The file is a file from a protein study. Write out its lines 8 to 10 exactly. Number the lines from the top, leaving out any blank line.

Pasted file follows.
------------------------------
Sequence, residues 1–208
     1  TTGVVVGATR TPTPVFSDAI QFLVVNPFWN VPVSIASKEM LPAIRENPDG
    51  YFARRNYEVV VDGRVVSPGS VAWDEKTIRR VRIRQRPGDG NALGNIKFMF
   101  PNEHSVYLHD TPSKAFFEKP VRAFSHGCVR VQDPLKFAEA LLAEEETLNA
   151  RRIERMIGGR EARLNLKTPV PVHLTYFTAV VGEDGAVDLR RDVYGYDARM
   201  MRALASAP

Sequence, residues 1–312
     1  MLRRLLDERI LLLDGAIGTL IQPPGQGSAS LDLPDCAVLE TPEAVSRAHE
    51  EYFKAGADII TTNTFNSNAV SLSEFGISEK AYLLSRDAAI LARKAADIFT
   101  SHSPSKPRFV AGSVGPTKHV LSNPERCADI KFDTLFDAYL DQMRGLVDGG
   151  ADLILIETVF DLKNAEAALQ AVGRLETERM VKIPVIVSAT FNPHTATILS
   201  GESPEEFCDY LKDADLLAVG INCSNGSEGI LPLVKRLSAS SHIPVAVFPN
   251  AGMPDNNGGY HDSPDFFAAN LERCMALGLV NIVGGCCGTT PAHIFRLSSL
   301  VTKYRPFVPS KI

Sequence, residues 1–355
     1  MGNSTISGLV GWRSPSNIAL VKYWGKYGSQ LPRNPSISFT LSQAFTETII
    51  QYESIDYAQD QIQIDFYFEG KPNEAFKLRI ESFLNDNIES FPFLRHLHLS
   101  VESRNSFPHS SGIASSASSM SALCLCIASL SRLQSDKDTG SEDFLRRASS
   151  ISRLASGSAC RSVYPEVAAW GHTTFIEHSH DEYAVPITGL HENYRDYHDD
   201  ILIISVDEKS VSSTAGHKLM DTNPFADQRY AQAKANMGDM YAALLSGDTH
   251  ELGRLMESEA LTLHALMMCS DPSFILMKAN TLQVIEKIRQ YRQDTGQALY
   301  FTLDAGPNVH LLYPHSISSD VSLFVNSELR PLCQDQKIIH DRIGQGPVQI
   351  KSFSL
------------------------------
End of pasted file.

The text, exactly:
     1  MLRRLLDERI LLLDGAIGTL IQPPGQGSAS LDLPDCAVLE TPEAVSRAHE
    51  EYFKAGADII TTNTFNSNAV SLSEFGISEK AYLLSRDAAI LARKAADIFT
   101  SHSPSKPRFV AGSVGPTKHV LSNPERCADI KFDTLFDAYL DQMRGLVDGG